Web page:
I see an enormous similarity between General Gough and the case of these peasants. The right hon. Gentleman has just stated that it is no use drawing parallels and analogies. In this House parallels and analogies are the breath of our nostrils, and it is by them that debate is conducted. There is the case of General Gough. He breaks the law and he defies the King's Government. He is a man of station, he is a man of intellect, and, what is more, he is at the head of five or six hundred or a thousand men, and he has given a bad example to every one of these men. How has the case of General Gough been met? He is not hauled to a prison in Dublin Castle; he is brought over to. London; he is fêted here in London; he is coaxed, and then, apparently, as far as we can make out, he is sent home patted on the back by the War Office. There is a rumour—I hope it is not true—that he has got a written guarantee that he will not be asked to obey the War Office on the next occasion they desire his service. I do say that what is sauce for the goose is sauce for the gander. I do say that these crofters of the Island of Lewis, men who are starving, Gaelic-speaking men, are entitled to at least as much consideration as this gallant gentleman. We are told to-night that there are 4,000 men from the Island of Lewis serving in the forces of the Crown. That is a very remarkable statement. I wonder whether they will draw an example from the conduct of General Gough. I wonder whether the Scottish Highlanders in the police force of Scotland, or the men who are the warders in the Scottish gaols, will turn round and release these crofters from the Island of Lewis! That is the position. Therefore I desire to say that, in my opinion, the case has been utterly unmet and utterly inadequately dealt with by the Government, and I trust that the Scottish Members, who have so powerfully urged 113 this case to-day, will compel the Government to distribute this land among these people, to see that these men are decently treated in gaol, and, I hope, speedily released therefrom.
Sir HENRY DALZIEL
I am sure that the people of Scotland, and especially the crofters, will be indebted to the hon. and learned Gentleman who has just sat down for raising his voice on their behalf at the present time. No one who heard the Secretary for Scotland can believe for a moment that the case can rest where he has left it. There was not one single word of Sympathy throughout that speech for these poor men—misguided they may be, but at any rate honest men—in the position in which they find themselves, two of them over seventy years of age. I would say to the right hon. Gentleman, when he talks to us about the limitation of his powers, Has he got power at this moment to telegraph the President of the Prison Commission to take them out of prison garb and give them their own clothing? Has he got power to do that? He has that power at this moment. I would put it to the Lord Advocate. The Lord Advocate has just been up at Wick demanding land for the people, but now it appears to be gaol for the crofter. Will the hon. Gentleman, when he comes to take part in this Debate, tell us if the Scottish Office have got the power to give instructions for these men to be taken out of prison garb?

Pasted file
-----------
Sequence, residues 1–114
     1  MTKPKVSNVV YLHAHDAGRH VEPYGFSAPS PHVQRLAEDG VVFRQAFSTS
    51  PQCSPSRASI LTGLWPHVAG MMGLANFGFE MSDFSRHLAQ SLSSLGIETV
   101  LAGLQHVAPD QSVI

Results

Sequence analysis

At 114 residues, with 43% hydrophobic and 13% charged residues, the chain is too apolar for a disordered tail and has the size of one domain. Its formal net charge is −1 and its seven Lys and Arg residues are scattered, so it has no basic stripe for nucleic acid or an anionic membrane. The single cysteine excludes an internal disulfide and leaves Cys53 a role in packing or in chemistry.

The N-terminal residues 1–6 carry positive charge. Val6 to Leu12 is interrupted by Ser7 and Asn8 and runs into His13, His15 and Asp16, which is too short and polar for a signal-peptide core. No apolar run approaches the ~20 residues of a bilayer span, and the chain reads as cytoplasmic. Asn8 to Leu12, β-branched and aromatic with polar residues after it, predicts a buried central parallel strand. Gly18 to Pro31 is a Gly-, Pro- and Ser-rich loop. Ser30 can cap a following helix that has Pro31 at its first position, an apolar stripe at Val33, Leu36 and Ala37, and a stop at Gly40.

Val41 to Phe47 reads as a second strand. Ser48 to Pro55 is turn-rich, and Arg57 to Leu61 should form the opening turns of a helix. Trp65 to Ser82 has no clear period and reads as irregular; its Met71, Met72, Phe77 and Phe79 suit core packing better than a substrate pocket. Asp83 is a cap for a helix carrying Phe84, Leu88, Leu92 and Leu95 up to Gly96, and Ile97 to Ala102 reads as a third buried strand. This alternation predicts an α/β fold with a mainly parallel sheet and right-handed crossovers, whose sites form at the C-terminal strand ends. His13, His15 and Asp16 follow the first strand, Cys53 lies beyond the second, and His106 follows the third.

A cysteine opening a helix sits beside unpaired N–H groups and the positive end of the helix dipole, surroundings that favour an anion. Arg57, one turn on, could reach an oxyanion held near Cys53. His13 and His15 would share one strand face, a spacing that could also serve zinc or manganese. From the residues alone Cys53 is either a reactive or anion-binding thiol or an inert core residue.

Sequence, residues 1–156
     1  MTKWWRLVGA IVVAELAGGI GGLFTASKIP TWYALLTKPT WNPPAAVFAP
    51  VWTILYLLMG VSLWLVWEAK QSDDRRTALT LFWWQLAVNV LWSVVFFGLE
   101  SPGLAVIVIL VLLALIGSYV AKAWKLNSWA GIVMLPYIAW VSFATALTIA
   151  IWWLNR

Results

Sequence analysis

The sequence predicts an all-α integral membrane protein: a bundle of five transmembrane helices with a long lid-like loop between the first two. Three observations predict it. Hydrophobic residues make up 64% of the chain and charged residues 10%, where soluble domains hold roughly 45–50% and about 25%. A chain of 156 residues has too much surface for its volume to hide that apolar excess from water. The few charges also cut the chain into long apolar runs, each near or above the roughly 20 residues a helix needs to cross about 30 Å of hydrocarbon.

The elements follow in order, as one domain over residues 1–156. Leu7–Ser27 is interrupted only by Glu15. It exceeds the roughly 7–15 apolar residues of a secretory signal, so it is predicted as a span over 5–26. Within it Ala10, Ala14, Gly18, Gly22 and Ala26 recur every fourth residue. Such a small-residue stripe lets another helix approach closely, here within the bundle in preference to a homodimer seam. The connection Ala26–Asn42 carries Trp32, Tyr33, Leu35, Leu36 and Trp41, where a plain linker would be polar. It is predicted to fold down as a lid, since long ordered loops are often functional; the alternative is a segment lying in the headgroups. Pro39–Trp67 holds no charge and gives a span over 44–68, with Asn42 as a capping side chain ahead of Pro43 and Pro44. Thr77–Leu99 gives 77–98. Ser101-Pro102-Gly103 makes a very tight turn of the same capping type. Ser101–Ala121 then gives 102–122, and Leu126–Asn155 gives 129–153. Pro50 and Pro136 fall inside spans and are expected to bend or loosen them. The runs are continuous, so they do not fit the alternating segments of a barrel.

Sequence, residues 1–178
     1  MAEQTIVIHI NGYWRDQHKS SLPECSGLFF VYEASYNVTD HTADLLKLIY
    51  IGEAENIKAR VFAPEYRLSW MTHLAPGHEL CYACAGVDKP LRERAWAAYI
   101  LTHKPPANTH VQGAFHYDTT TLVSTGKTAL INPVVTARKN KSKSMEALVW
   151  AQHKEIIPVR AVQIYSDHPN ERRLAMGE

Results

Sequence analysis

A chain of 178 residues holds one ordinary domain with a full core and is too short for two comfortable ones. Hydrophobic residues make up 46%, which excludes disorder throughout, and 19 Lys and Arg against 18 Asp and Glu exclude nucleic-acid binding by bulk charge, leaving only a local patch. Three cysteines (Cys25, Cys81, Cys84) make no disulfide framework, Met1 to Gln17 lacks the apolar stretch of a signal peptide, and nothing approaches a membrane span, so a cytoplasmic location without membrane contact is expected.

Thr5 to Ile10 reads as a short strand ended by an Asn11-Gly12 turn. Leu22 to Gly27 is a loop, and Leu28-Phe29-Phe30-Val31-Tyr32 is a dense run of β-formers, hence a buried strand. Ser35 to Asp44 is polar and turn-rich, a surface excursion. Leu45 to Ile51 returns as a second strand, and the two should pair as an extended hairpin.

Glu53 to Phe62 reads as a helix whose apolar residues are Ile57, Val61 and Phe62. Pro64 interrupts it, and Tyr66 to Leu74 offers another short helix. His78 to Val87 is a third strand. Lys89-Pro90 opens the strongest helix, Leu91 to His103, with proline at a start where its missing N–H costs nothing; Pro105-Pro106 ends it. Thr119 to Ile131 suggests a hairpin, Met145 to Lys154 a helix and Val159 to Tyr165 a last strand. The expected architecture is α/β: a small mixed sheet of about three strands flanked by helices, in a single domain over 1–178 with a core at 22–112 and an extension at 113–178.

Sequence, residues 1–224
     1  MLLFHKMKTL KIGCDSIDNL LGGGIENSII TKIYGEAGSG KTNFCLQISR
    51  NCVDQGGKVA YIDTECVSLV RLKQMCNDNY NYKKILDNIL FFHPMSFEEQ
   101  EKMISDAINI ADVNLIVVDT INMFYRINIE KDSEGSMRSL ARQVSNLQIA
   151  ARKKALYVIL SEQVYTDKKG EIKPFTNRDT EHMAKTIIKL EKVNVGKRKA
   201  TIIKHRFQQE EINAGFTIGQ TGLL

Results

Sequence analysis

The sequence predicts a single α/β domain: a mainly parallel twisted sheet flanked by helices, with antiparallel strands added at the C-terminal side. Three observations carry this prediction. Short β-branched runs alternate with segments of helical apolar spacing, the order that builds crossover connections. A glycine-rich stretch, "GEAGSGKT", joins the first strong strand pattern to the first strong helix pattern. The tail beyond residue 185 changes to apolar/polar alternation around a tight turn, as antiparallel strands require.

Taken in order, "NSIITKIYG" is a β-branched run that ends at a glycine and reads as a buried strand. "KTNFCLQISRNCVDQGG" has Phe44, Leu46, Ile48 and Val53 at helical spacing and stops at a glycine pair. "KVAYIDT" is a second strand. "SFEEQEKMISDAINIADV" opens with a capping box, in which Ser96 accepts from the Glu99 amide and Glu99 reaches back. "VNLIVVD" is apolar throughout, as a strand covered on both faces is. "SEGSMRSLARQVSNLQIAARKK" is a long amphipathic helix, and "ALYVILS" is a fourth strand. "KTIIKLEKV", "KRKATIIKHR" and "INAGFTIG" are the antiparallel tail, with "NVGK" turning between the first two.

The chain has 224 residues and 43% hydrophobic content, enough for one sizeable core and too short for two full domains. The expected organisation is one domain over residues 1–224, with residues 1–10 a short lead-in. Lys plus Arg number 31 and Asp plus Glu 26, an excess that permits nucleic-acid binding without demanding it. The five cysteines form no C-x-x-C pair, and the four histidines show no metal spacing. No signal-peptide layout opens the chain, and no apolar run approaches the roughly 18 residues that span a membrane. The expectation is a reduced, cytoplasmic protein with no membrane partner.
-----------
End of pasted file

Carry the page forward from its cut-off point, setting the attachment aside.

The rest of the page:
It ought not to be necessary for the Members for Scotland to draw the attention of the Government to this matter. I think it is a scandal that it should be allowed to exist for a single hour. It is not the kind of thing we expect in the House of Commons. It is not the kind of thing we get at election times in Scotland. It is then all sympathy for the crofter and for the poor people. Let us put it to the test now. What is the right hon. Gentleman going to do? He has the power, as I say, to do away with the convict garb, and he has also the power to reduce the sentence. Is he going to do anything to reduce the sentence? It is six weeks' imprisonment. Is he going to reduce it to one week? Or is he going to do nothing at all? It is not enough to say that my hon. and learned Friend (Mr. Macpherson) ought to go up there and intercede with these men. My hon. and learned Friend has already been up there. Why does not the right hon. Gentleman go himself up there and examine into the whole circumstances? My hon. and learned Friend, 114 who visited these men in prison on Saturday, takes the view that they did not understand the exact questions put to them, and that if they gave this undertaking they would be immediately released. My hon. and learned Friend informs me that there was no interpreter, and that these men did not understand a word of English. How was it possible, therefore, to inform the men what the charge was and what was expected of them? The real root of the question is not their being in prison, so much as the situation which exists in Lewis itself. These men would not thank you for being released at this moment, unless the right hon. Gentleman is prepared to deal with their social condition in their own homes.